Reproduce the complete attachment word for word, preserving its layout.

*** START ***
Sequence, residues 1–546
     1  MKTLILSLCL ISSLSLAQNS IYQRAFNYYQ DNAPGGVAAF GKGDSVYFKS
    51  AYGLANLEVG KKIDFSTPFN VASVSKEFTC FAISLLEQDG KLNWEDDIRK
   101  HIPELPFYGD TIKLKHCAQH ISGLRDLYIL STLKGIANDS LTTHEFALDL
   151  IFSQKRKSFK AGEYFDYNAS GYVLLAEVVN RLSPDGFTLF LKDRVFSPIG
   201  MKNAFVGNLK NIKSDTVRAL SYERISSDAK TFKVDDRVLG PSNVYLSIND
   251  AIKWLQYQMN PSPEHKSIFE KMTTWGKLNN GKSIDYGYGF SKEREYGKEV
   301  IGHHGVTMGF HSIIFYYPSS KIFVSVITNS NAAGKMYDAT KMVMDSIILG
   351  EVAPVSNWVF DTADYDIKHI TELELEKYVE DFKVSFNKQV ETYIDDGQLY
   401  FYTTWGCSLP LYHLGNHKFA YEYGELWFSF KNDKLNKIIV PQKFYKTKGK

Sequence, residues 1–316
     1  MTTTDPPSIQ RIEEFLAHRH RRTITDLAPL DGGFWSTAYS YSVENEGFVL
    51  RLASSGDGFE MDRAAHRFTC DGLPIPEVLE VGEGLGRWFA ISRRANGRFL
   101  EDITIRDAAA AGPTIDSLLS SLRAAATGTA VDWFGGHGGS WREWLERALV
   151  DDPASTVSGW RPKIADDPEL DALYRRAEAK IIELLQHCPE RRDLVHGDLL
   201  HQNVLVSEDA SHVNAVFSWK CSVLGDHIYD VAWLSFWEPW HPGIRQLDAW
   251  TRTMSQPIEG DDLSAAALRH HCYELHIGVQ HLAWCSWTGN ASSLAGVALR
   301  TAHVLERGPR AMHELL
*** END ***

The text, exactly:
Sequence, residues 1–546
     1  MKTLILSLCL ISSLSLAQNS IYQRAFNYYQ DNAPGGVAAF GKGDSVYFKS
    51  AYGLANLEVG KKIDFSTPFN VASVSKEFTC FAISLLEQDG KLNWEDDIRK
   101  HIPELPFYGD TIKLKHCAQH ISGLRDLYIL STLKGIANDS LTTHEFALDL
   151  IFSQKRKSFK AGEYFDYNAS GYVLLAEVVN RLSPDGFTLF LKDRVFSPIG
   201  MKNAFVGNLK NIKSDTVRAL SYERISSDAK TFKVDDRVLG PSNVYLSIND
   251  AIKWLQYQMN PSPEHKSIFE KMTTWGKLNN GKSIDYGYGF SKEREYGKEV
   301  IGHHGVTMGF HSIIFYYPSS KIFVSVITNS NAAGKMYDAT KMVMDSIILG
   351  EVAPVSNWVF DTADYDIKHI TELELEKYVE DFKVSFNKQV ETYIDDGQLY
   401  FYTTWGCSLP LYHLGNHKFA YEYGELWFSF KNDKLNKIIV PQKFYKTKGK

Sequence, residues 1–316
     1  MTTTDPPSIQ RIEEFLAHRH RRTITDLAPL DGGFWSTAYS YSVENEGFVL
    51  RLASSGDGFE MDRAAHRFTC DGLPIPEVLE VGEGLGRWFA ISRRANGRFL
   101  EDITIRDAAA AGPTIDSLLS SLRAAATGTA VDWFGGHGGS WREWLERALV
   151  DDPASTVSGW RPKIADDPEL DALYRRAEAK IIELLQHCPE RRDLVHGDLL
   201  HQNVLVSEDA SHVNAVFSWK CSVLGDHIYD VAWLSFWEPW HPGIRQLDAW
   251  TRTMSQPIEG DDLSAAALRH HCYELHIGVQ HLAWCSWTGN ASSLAGVALR
   301  TAHVLERGPR AMHELL